One PPNAD patient who underwent a right laparoscopic adrenalectomy had recurrence of hypercortisolism and the manifestations of CS after 2 months, and the contralateral adrenalectomy was performed. An AIMAH patient with bilateral adrenal enlargement also underwent the contralateral adrenalectomy to reduce the persistent symptom of severe hypercortisolism after right adrenalectomy, because the size and weight of the gland excised at the primary operation was similar to the contralateral adrenal. After the second surgery, hypocortisolism developed, and the manifestations of CS were completely relieved. To maintain the improvement, life-long treatment with glucocorticoid was begun (7.5–10 mg prednisone per day).

Hypertension resolved in all 26 patients carrying that diagnosis at baseline, both systolic BP (181 ± 28 vs. 134 ± 11 mmHg; P < 0.001) and diastolic BP levels (117 ± 21 vs. 87 ± 8 mmHg; P < 0.001); 22 of 26 patients who recovered to normal BP levels were subsequently withdrawn from the hypertension medications, and another 4 patients needed antihypertensive drugs at a reduced dose. Eleven of 13 patients who had diabetes or glucose intolerance regained normal glycometabolic control, and in two others a reduction of need for hypoglycemizing medications was achieved. A significant improvement was observed in fasting plasma glucose levels (7.35 ± 0.99 vs. 4.60 ± 1.11 mmol/L; P < 0.001), serum glucose levels after OGTT (10.79 ± 2.57 vs. 7.10 ± 1.72 mmol/L; P = 0.002), and HbA1c levels (6.95 ± 1.09 vs. 5.25 ± 0.97 %; P < 0.001). The serum potassium level returned to normal in the 5 patients with hypokalemia, and the BMI decreased significantly (28.14 ± 3.65 vs. 22.93 ± 1.32 kg/m2; P < 0.001).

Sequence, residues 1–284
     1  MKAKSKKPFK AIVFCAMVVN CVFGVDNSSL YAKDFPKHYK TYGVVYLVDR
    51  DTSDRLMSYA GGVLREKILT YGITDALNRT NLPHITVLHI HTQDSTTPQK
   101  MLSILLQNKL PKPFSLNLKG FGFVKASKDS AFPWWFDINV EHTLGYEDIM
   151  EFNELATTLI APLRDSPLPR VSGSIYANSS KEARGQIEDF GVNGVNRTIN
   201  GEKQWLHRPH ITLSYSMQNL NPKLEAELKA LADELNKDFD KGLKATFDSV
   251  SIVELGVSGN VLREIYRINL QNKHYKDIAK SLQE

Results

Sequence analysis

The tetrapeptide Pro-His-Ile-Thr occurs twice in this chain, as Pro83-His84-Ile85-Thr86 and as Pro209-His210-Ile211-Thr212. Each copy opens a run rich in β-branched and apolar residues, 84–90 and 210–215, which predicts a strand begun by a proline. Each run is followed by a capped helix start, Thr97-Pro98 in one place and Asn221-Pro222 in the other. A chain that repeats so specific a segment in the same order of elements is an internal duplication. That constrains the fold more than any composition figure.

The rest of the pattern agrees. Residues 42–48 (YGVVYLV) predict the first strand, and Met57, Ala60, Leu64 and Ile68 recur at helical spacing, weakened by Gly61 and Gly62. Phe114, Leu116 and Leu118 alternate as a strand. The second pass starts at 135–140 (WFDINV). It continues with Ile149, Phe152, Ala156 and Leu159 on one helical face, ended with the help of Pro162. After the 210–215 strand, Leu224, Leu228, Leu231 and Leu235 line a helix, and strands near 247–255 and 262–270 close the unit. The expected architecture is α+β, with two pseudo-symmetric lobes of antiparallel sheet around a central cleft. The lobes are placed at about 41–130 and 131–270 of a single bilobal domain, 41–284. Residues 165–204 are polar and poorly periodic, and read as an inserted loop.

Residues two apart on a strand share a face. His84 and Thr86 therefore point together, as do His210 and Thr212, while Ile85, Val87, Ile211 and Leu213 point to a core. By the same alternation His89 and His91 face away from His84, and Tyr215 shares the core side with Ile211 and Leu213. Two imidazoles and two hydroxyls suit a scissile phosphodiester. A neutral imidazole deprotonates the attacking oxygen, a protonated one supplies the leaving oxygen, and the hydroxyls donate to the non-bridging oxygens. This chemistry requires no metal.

Discussion

Cushing syndrome may result from various sources [6]. With the exception of iatrogenic causes, endogenous CS is divided into two types: ACTH-independent CS and ACTH-dependent CS. The ACTH-dependent form, which mainly caused by Cushing disease and ectopic ACTH syndrome, accounts for ~80–85 % of CS cases [7]. As a result of autonomous primary adrenal pathology producing cortisol, ACTH-independent CS accounts for 15–20 % of endogenous CS, and most cases result from unilateral adrenal adenoma or carcinoma [8]. Bilateral adrenal masses are rare causes of adrenal CS, including bilateral adrenal adenomas or carcinomas, AIMAH, and PPNAD. Approximately 10 % of primary adrenal CS involves AIMAH and PPNAD, and this represents diagnostic and therapeutic challenges [9].